Browsing named entities in Cambridge History of American Literature: volume 3 (ed. Trent, William Peterfield, 1862-1939., Erskine, John, 1879-1951., Sherman, Stuart Pratt, 1881-1926., Van Doren, Carl, 1885-1950.). You can also browse the collection for Irish or search for Irish in all documents.

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Cambridge History of American Literature: volume 3 (ed. Trent, William Peterfield, 1862-1939., Erskine, John, 1879-1951., Sherman, Stuart Pratt, 1881-1926., Van Doren, Carl, 1885-1950.), Book III (continued) (search)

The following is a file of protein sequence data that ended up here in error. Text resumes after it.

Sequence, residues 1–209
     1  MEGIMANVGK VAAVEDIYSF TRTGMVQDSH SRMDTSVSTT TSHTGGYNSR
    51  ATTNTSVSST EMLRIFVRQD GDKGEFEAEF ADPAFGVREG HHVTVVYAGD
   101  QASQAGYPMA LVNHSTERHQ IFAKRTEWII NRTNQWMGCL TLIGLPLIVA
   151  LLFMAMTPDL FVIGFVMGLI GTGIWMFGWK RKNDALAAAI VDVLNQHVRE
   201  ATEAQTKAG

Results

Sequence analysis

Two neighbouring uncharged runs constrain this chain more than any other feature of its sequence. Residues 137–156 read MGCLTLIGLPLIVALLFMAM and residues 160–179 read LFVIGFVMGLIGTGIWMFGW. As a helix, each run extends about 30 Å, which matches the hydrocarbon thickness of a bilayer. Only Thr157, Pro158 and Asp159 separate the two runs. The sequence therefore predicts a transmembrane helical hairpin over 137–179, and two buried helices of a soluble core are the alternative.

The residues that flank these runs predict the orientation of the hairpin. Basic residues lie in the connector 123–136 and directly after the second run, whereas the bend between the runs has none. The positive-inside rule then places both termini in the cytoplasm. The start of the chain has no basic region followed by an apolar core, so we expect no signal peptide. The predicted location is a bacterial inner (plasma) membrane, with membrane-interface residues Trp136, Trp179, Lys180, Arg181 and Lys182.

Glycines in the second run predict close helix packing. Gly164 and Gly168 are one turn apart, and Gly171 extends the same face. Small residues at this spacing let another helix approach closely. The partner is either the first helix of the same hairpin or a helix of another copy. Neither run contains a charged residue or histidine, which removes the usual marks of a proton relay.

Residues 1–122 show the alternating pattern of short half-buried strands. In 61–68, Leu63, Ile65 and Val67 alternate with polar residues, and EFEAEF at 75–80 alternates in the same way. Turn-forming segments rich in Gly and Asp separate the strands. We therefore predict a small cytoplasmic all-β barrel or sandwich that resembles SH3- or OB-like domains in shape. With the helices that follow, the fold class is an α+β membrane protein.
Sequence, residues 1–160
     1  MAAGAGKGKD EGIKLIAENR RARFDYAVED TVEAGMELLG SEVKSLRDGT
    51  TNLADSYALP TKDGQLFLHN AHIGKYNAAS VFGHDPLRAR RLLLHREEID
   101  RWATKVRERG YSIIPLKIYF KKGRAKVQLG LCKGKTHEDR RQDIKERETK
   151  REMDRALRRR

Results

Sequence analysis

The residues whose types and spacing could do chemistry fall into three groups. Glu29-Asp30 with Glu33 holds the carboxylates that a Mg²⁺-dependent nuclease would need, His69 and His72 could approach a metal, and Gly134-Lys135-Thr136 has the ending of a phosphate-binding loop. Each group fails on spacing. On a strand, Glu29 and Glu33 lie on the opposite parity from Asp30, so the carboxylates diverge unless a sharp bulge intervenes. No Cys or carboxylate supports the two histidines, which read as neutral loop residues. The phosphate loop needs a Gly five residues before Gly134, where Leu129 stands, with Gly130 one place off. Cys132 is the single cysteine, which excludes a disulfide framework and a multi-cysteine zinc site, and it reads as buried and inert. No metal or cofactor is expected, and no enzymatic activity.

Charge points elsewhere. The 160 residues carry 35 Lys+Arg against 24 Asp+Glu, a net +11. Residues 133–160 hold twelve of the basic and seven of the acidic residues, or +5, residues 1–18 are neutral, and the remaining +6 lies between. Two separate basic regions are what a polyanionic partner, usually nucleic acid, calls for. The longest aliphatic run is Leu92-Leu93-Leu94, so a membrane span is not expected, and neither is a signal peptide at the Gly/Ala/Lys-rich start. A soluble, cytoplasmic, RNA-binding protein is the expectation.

short life on the stage. When 1860 dawned, Dion Boucicault (1822-1890) and John Brougham (1810-1880) reigned supreme in American popularity, and they were both Irish. The former had yet to do his most popular and characteristic pieces, in which he won deserved success both as an actor and playwright: to read Jessie Brown; or, Dogies owes its form to The cowboy's lament, the origin of which has been mentioned, and it is sung to the same melody as its Old World original. The influence of Irish Come-all-ye's and of deathbed confession pieces is pretty strong on the cowboy songs as a whole. The term American ballads is better applied, not to the small, cording to the common way of speaking, just as Natty Bumppo pronounces it. His ven'son is still good English. His consait (conceit), ginerous, fri'nd, 'arth sound Irish, but that is as much as to say that they belong to the old, authentic vernacular; they cannot be made to serve as illustrations of any wanton perversity on the pa